E-poster Presentation 2014 World Cancer Congress

Awareness and understanding of disease among hospitalized cancer patients in Pakistan (#935)

Mansoor Hussain 1 , Faheem U Sulehri 2 , Muhammad Zubair 1 , Naveed A Shair 1 , Nauman A Jadoon 3
  1. Nishtar Medical College Hospital, Multan, Pakistan
  2. Jinnah Hospital, Lahore, Pakistan
  3. Ittefaq Trust Hospital, Lahore, Pakistan

Background: Information needs and understanding of hospitalized cancer patients have remained unexplored.

 Aim: The objective of this study was to assess the awareness of cancer patients regarding their disease and to evaluate their understanding of disease and information seeking behavior.

 Methods: We enrolled 232 adult cancer patients for the study to collect data using semi structured interview regarding their awareness and understanding of illness.

Results: A majority of patients (87.8%) reported awareness of their diagnosis. Female patients, patients from urban areas, educated patients and those with longer duration of illness had significantly better knowledge of their disease as compared to the rest of the study group (p<0.05). Presence of metastatic disease did not significantly alter the patients’ understanding of disease or their information seeking behavior. Age was found to significantly influence the understanding of current disease status and request for more information regarding disease. Most of the patients (82.2%) wanted their family to know about their diagnosis while a few (4.8%) wished their friends to have knowledge about their illness. There was limited use of active information seeking strategy by patients (from medical books, internet, help lines etc) with more reliance on passive information seeking strategies (friends, other patients, newspaper, TV etc) which may have lead to the misconceptions patients had about their illness. Although the patients were more satisfied with care than the information they had received, awareness was not related to satisfaction (p>0.05). Most of the patients (71.0%) were not satisfied with the quantity and quality of the information they had received from their health care provider.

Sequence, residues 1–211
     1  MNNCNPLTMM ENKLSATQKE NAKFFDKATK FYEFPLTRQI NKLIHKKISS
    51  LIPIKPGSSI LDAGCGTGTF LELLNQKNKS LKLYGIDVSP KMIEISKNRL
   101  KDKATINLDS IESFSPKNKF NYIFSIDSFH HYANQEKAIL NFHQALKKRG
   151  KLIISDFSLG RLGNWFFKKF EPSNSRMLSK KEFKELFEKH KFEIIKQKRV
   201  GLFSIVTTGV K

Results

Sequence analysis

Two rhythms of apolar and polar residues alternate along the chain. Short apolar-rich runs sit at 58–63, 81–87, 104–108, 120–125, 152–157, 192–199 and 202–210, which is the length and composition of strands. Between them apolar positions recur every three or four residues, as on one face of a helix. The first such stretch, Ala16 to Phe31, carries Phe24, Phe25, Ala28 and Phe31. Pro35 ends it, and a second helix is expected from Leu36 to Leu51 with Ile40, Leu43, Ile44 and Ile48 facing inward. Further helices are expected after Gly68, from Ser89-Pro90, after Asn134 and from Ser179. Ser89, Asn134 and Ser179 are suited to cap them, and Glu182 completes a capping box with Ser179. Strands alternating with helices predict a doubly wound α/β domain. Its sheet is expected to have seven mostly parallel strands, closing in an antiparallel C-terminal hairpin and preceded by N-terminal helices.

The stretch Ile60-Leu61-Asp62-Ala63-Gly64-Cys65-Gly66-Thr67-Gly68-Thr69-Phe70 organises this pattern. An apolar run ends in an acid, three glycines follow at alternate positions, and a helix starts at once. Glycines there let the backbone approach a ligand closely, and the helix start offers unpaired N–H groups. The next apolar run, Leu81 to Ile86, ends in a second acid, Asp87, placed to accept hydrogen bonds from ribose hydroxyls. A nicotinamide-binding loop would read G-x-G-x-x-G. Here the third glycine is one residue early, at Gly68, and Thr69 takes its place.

Conclusions: Our findings suggest that although cancer patients want and need to have adequate information regarding their disease, the amount and quality of information they receive is not optimal leading to adoption of passive information seeking strategy causing misconceptions about disease.